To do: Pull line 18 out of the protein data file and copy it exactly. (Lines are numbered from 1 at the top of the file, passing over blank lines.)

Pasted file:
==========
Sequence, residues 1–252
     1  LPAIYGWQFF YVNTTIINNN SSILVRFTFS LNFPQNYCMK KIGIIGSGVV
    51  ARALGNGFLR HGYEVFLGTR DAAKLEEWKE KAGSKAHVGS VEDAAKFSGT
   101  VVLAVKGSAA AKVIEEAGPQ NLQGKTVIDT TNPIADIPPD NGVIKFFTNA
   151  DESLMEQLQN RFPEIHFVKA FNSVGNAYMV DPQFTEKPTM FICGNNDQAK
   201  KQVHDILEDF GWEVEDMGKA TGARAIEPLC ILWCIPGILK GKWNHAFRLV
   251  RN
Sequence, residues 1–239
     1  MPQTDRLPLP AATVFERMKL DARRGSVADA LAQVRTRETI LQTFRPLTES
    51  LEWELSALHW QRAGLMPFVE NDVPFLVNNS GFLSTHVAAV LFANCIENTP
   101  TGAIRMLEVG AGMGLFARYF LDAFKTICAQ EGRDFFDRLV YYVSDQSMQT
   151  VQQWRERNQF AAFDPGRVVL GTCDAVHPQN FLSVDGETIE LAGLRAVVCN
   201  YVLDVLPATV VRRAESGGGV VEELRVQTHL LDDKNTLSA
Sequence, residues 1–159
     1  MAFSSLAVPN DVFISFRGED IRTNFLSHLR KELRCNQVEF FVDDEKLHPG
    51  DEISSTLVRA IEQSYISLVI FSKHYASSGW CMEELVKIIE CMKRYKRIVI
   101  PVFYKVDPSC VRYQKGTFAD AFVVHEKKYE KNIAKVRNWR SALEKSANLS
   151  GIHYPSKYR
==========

   151  GIHYPSKYR